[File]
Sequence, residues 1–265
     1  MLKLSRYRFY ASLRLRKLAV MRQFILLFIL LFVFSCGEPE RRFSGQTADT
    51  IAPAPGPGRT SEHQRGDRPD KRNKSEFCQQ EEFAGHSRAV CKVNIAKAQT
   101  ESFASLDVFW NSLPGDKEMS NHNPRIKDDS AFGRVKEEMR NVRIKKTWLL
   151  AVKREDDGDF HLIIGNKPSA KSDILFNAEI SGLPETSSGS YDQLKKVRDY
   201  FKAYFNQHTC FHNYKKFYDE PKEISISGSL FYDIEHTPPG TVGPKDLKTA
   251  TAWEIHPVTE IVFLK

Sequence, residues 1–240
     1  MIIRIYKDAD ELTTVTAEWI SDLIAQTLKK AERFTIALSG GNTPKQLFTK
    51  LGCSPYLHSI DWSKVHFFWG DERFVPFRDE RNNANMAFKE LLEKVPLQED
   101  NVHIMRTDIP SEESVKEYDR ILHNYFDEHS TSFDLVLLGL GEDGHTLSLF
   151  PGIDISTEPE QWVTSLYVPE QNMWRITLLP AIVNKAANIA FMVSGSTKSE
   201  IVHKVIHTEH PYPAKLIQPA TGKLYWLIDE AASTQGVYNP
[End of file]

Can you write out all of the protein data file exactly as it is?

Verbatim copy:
Sequence, residues 1–265
     1  MLKLSRYRFY ASLRLRKLAV MRQFILLFIL LFVFSCGEPE RRFSGQTADT
    51  IAPAPGPGRT SEHQRGDRPD KRNKSEFCQQ EEFAGHSRAV CKVNIAKAQT
   101  ESFASLDVFW NSLPGDKEMS NHNPRIKDDS AFGRVKEEMR NVRIKKTWLL
   151  AVKREDDGDF HLIIGNKPSA KSDILFNAEI SGLPETSSGS YDQLKKVRDY
   201  FKAYFNQHTC FHNYKKFYDE PKEISISGSL FYDIEHTPPG TVGPKDLKTA
   251  TAWEIHPVTE IVFLK

Sequence, residues 1–240
     1  MIIRIYKDAD ELTTVTAEWI SDLIAQTLKK AERFTIALSG GNTPKQLFTK
    51  LGCSPYLHSI DWSKVHFFWG DERFVPFRDE RNNANMAFKE LLEKVPLQED
   101  NVHIMRTDIP SEESVKEYDR ILHNYFDEHS TSFDLVLLGL GEDGHTLSLF
   151  PGIDISTEPE QWVTSLYVPE QNMWRITLLP AIVNKAANIA FMVSGSTKSE
   201  IVHKVIHTEH PYPAKLIQPA TGKLYWLIDE AASTQGVYNP